This is part of a series of summaries that highlight notable legislation and initiatives in health policy and reform of all 50 states. Check back on The Source as we roll out additional states each week.
See Virginia page.
Virginia is an active state in promoting price transparency in health care. Virginia operates an All-Payer Claims Database and provides other datasets online relating to cost and quality, including the average charge data for 25 of the most frequently reported health care services. All medical facilities and health maintenance organizations are required to submit utilization data to the Commissioner to populate the database. Virginia law provides prohibition against surprise and balance billing for both emergency and non-emergency healthcare services. The state also enacted legislation that requires health carriers to establish a comparable health care service incentive program under which savings are shared with a covered person who elects to receive a covered comparable health care service from a lower-cost provider.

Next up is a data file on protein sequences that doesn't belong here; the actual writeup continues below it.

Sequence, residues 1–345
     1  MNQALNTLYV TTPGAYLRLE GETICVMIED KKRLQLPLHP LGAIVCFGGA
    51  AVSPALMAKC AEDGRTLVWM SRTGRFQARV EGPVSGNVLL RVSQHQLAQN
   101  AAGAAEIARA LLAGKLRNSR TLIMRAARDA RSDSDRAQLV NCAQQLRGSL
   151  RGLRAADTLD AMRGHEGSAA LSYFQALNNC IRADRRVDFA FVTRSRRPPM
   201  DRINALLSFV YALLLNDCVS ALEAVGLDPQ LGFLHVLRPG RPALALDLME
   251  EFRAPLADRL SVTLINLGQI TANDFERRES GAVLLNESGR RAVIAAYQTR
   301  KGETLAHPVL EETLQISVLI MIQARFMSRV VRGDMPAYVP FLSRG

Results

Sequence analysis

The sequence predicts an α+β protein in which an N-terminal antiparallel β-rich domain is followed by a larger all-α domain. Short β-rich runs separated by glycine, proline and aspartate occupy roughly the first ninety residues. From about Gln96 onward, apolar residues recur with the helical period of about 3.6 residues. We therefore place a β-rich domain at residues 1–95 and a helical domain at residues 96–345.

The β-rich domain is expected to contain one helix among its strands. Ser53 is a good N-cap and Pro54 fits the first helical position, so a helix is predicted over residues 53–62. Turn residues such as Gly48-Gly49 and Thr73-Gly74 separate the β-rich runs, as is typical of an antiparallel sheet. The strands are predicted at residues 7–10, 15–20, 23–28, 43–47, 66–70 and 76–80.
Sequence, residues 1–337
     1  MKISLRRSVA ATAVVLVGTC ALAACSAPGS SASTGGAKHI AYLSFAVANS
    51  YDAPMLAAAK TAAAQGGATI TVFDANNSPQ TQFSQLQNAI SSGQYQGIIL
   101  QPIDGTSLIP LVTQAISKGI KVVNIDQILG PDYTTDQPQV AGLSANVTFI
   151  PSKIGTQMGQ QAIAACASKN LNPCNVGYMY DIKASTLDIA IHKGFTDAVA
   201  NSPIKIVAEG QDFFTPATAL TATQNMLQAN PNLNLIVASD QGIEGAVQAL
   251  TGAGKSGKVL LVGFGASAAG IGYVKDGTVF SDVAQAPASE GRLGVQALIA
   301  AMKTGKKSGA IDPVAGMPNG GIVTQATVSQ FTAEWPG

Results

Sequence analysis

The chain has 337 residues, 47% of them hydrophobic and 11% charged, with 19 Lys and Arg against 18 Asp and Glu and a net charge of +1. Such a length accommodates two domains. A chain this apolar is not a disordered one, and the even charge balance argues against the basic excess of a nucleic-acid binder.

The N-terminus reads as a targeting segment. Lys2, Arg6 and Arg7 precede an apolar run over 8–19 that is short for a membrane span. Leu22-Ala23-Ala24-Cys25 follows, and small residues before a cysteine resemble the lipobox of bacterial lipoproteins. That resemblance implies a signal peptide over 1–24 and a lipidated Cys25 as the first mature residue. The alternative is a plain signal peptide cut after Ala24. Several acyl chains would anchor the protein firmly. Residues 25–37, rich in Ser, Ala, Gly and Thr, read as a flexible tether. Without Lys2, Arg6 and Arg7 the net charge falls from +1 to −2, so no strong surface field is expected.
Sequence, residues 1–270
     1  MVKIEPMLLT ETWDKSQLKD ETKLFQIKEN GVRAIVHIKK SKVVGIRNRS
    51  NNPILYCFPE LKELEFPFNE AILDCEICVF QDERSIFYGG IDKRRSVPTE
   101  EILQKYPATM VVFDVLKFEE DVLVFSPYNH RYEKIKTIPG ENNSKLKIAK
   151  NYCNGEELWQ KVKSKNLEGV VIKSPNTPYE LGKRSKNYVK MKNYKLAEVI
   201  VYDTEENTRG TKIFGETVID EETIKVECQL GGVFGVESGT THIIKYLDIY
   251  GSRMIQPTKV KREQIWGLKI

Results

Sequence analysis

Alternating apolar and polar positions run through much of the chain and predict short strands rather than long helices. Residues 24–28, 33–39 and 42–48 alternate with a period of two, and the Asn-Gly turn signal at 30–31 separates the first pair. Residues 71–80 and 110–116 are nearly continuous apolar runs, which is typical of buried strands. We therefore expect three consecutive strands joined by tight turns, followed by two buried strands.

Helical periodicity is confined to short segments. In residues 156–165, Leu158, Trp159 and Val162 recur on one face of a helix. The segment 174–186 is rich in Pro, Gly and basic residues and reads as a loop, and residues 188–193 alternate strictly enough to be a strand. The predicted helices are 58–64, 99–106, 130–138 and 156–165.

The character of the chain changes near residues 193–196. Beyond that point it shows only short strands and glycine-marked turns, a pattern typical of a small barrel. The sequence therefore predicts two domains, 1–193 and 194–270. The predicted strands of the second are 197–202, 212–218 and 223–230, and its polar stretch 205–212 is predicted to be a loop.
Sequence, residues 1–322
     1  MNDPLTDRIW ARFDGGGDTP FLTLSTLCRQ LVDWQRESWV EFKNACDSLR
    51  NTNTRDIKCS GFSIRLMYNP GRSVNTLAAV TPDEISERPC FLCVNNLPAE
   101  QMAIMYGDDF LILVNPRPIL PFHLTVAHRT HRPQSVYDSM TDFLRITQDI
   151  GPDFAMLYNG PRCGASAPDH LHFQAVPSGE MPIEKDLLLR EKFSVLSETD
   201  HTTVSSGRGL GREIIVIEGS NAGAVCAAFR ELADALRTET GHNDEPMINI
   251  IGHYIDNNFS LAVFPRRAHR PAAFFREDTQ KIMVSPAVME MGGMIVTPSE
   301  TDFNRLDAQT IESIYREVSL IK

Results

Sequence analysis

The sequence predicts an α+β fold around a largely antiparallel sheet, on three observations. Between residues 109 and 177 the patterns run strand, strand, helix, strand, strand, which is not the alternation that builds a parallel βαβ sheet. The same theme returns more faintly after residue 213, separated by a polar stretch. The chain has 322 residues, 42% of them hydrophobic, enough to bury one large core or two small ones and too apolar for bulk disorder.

In healthcare market competition, the state requires notice to the attorney general for all mergers, acquisitions, and other transactions involving nonprofit hospitals. The merger review criteria for the AG includes factors such as how the transaction will impact access to care and the affordability or cost of care. The legislature also introduced legislation to prohibit anticompetitive contracting practices in provider contracts, including the use of most-favored nation, all-or-nothing, and anti-tiering/anti-steering clauses.
Virginia has considered state system reform initiatives including single payer and public option proposals, and its state-run health insurance marketplace will launch by 2023. Additionally, Virginia's telehealth parity law encouraged the expansion of telehealth well before the COVID-19 pandemic, as health maintenance organizations are mandated to provide parity in coverage, reimbursement, and cost-sharing for telemedicine services in the state.